Jahnke, Craig C. and Culick, Fred E. C. (1990) Application of dynamical systems theory to the high angle of attack dynamics of the F-14. AIAA Papers, AIAA-90-0221 . American Institute of Aeronautics and Astronautics . http://resolver.caltech.edu/CaltechAUTHORS:20101130-140634171
- Published Version
See Usage Policy.
Use this Persistent URL to link to this item: http://resolver.caltech.edu/CaltechAUTHORS:20101130-140634171
Dynamical systems theory has been used to study the nonlinear dynamics of the F-14. An eight degree of freedom model that does not include the control system present in operational F-14's has been analyzed. The aerodynamic model, supplied by NASA, includes nonlinearities as functions of the angles of attack and sideslip, the rotation rate, and the elevator deflection. A continuation method has been used to calculate the steady states of the F-14 as continuous functions of the control surface deflections. Bifurcations of these steady states have been used to predict the onset of wing rock, spiral divergence, and jump phenomena which cause the aircraft to enter a spin. A simple feedback control system was designed to eliminate the wing rock and spiral divergence instabilities. The predictions were verified with numerical simulations.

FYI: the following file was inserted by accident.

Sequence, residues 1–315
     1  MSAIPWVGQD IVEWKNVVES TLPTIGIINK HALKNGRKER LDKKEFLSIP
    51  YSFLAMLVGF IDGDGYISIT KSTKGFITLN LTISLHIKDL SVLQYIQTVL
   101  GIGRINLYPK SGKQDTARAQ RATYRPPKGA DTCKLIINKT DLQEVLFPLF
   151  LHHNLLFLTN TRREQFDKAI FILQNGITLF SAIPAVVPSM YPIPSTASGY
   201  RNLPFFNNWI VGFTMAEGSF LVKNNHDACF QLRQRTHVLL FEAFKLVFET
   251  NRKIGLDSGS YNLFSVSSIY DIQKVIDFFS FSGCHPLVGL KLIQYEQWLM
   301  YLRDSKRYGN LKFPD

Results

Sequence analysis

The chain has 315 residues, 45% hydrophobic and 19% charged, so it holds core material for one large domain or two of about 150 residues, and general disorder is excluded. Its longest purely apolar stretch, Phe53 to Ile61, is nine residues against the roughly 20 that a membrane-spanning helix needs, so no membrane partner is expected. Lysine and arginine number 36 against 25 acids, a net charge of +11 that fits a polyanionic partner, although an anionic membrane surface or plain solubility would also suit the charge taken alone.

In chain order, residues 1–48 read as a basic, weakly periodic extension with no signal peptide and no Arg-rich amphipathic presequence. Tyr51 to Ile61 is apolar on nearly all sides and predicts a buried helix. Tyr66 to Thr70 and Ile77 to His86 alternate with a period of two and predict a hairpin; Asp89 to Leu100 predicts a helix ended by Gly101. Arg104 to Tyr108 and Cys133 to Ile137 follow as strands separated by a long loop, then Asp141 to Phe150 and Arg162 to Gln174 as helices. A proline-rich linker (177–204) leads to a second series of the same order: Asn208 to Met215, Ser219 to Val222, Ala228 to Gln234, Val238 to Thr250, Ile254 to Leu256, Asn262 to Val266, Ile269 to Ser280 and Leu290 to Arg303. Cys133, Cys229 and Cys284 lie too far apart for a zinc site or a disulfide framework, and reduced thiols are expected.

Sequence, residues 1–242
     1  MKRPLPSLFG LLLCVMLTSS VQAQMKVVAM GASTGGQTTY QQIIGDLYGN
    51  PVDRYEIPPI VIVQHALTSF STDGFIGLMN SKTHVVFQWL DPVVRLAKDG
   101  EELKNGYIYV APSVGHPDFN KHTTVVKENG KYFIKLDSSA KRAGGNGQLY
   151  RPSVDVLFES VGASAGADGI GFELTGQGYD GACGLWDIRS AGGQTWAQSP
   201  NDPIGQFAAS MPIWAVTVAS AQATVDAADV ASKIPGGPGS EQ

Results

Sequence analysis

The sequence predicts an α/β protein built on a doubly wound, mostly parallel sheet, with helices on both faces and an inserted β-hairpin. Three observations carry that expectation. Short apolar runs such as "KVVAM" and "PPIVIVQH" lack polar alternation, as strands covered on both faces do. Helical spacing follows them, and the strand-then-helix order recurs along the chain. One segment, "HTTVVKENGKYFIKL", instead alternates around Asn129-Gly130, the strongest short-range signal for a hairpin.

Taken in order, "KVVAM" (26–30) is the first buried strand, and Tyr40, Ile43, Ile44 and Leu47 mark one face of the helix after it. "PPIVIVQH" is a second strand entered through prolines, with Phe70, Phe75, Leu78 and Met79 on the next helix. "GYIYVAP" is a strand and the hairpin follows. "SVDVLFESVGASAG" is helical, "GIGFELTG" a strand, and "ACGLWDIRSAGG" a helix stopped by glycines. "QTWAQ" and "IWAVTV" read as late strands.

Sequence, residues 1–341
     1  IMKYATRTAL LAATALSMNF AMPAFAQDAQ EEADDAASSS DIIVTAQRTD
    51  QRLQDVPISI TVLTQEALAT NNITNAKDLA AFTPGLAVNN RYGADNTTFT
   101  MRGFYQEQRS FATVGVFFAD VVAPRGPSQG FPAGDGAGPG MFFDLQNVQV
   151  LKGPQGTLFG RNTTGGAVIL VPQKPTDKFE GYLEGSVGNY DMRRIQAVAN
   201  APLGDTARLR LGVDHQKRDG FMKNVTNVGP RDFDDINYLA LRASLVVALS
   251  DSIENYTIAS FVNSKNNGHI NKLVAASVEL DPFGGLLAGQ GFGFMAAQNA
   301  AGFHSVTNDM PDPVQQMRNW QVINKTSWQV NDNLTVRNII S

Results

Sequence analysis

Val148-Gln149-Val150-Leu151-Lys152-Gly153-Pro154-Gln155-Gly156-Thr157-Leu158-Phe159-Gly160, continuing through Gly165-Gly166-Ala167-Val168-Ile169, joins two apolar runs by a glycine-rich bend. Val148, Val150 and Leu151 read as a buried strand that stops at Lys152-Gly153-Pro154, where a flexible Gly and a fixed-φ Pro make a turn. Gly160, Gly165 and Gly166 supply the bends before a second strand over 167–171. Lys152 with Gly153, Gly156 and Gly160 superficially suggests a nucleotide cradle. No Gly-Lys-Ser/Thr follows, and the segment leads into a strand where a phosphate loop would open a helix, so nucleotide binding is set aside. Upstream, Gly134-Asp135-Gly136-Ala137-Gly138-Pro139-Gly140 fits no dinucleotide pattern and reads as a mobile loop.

|Item Type:||Report or Paper (Report)|
|Additional Information:||© 1990 by Craig C. Jahnke. Published by the American Institute of Aeronautics and Astronautics, Inc. with permission. This work was partly supported by CALTECH funds and partly supported by a grant from the National Aeronautics and Space Administration, Ames Dryden Flight Research Center. The F-14 aerodynamic model was supplied by Joe Gera, Acting Assistant Branch Chief, Vehicle Technical Branch, Ames Dryden Flight Research Center.|
|Group:||Guggenheim Jet Propulsion Center|
|Other Numbering System:|
|Official Citation:||Application of dynamical systems theory to the high angle of attack dynamics of the F-14 JAHNKE, CRAIG C., California Institute of Technology, Pasadena; CULICK, FRED E. C., California Institute of Technology, Pasadena AIAA-1990-221 Aerospace Sciences Meeting, 28th, Reno, NV, Jan 8-11, 1990. 20 p. Research supported by NASA and California Institute of Technology|
|Usage Policy:||No commercial reproduction, distribution, display or performance rights in this work are provided.|
|Deposited By:||Ruth Sustaita|
|Deposited On:||03 Dec 2010 23:48|
|Last Modified:||26 Dec 2012 12:41|
Repository Staff Only: item control page